How and why clinical trials are used in drugdevelopment: Clinicaltrials help doctors understand how to treat a particular disease or condition.

It may benefit people in the future. Clinicalresearch refers to studies, or trials, that are done in people.  Studies on human participants are designed toanswer specific questions about biomedical uncertainties including newtreatments (such as vaccines, drugs, dietary choices, dietary supplements, andmedical devices). Trialsmay take place with the objective of repeating previous events to try and getthe same evidence. Others may be solely testing a new drug/treatment andobserving reactions. And, there are randomized controlled trials where somepeople may receive a placebo to see if a control group will differ to onereceiving a new drug.

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This can be done using the singleor double blind practice. Single involvesthe subject not knowing whether the drug is a placebo or not. With adouble blind trial, the information to if the drug is a placebo or not is withheld from the subject and the person administeringit, this prevents biases.  Phasesof trials:Preclinical – This is the stage where researchis carried out to discover how a desired target could be reached. Phase 1 – A small number of people, who may be healthy volunteers, are given the medicine. Thedrug is being trialled in human volunteers for the first time. Researchers testfor side effects and calculate what the correctdose might be to use in treatment.

They start with small doses and onlyincrease the dose if the volunteers don’t experience any side effects. Phase 2- The new medicine is tested on a larger group of people who are ill. This is toget a better idea of its effects in the short term.

 Phase 3- This is carried out on medicines thathave passed phases one and two. The medicine is tested in larger groups ofpeople who are ill, and compared against anexisting treatment or a placebo to see if it’s better in practice and ifit has important side effects. Trials often last a year or more and involveseveral thousand patients.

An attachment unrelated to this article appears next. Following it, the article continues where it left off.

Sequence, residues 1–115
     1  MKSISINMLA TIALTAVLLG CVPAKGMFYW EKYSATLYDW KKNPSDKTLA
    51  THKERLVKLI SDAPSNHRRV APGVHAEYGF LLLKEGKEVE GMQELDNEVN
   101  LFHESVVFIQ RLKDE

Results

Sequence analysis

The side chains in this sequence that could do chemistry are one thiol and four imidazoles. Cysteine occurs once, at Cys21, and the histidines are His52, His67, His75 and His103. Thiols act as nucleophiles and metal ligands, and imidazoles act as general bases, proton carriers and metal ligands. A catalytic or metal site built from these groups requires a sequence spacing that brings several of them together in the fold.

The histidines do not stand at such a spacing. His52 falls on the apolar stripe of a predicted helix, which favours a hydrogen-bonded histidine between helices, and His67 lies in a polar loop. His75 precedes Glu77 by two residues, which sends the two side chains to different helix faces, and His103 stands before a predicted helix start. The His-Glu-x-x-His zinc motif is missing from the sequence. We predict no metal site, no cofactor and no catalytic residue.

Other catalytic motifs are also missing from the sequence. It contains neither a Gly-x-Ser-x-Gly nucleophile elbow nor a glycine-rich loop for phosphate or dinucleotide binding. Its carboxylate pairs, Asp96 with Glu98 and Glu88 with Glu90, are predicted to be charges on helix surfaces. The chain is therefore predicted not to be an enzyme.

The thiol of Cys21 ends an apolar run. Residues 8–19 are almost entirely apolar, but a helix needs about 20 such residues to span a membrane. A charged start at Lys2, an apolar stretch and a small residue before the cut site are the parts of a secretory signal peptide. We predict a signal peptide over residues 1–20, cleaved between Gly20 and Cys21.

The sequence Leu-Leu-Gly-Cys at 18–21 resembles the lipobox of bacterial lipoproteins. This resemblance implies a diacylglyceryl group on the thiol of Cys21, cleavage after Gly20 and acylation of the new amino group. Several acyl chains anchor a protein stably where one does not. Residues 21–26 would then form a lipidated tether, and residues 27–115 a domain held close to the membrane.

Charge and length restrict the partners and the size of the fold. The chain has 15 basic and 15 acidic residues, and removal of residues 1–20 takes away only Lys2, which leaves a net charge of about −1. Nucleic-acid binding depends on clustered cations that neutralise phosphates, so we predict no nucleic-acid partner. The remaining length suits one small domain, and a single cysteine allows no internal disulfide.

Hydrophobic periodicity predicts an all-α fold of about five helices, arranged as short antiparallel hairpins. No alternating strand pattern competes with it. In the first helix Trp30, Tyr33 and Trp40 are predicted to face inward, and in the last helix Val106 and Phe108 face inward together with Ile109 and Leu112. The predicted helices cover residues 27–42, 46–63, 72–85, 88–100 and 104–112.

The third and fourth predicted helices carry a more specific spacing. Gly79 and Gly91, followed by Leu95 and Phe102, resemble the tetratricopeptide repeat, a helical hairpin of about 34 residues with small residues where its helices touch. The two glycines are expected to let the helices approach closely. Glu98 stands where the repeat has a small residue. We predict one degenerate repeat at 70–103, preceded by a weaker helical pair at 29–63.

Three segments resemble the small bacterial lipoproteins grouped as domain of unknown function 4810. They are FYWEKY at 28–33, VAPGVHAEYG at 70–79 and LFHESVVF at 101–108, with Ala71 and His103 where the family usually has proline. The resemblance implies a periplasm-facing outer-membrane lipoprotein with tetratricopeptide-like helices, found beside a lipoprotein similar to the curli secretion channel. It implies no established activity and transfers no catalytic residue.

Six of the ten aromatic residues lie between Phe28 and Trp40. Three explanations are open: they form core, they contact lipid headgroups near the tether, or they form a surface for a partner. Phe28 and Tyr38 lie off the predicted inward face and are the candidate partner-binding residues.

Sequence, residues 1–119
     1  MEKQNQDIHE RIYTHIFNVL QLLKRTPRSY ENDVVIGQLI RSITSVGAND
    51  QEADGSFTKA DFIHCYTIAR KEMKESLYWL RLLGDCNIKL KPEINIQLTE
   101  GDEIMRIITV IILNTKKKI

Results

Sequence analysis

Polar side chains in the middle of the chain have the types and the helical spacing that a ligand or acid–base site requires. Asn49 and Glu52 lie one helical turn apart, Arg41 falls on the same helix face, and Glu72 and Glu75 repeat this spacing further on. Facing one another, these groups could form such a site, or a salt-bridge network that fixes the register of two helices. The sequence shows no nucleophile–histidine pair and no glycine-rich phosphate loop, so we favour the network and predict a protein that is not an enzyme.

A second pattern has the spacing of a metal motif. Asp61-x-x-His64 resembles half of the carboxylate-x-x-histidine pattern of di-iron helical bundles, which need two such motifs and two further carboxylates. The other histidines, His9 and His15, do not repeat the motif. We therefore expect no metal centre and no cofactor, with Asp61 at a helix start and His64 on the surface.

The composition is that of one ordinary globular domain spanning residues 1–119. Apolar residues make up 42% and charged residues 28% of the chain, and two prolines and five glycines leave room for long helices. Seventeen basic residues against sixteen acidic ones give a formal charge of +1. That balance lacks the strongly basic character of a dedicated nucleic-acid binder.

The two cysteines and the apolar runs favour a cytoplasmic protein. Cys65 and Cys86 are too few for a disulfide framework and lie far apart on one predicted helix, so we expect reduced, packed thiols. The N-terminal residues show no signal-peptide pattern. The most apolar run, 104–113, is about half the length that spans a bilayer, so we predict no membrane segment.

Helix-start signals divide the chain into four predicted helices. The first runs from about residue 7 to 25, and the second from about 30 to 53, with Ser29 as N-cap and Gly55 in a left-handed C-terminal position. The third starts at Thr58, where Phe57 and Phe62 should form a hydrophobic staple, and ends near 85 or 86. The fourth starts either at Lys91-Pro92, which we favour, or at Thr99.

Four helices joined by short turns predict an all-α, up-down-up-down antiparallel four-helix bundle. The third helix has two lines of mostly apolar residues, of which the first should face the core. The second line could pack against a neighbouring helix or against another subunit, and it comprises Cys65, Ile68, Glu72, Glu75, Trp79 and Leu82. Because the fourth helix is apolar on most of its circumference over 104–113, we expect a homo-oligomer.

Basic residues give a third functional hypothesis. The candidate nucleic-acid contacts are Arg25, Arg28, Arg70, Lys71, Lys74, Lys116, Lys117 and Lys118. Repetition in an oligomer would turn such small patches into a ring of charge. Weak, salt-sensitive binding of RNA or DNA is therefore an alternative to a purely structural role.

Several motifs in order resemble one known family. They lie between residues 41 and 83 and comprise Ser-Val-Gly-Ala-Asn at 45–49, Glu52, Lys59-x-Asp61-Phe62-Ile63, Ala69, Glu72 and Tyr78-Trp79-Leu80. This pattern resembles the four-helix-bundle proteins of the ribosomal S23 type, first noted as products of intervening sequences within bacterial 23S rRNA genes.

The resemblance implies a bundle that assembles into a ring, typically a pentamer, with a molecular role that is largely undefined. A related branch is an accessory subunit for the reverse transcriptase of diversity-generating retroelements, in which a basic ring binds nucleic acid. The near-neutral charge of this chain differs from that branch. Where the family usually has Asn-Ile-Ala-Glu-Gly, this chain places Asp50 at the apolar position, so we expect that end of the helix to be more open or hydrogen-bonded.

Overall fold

Phase 4 – The drug has been licenced. There is sufficient information aboutthe side affects.  The role of NICE in providing guidelines on clinicalpractise: Standingfor The National Institute for Health and Care Excellence, NICE improve healthand social care through evidence based guidance from clinical trial aspreviously mentioned.Theypublish guidelines for four areas in medicine: -The useof health technologies within the NHS.-Clinicalpractice and guidance on the appropriate treatment for people with specificdiseases and conditions.-Guidancefor public sector workers on health promotion and ill-health avoidance-Guidancefor social care services and users.

 Theseappraisals are based primarily on evaluations of likelihood of producing usefulresults (efficacy) and cost–effectiveness in various circumstances.  Importance of economic considerations in theproduction of guidelines: The NHShas a limited budget and a vast number of potential spending options so thereneeds to be a process involving the decision of how much gets spent on what.Economic evaluations are carried out within a health technology assessmentframework (HTAF) to compare the cost-effectiveness of alternative means and toconsider the opportunity cost associated with their decisions(how much moneycan be made off of the item under trial).


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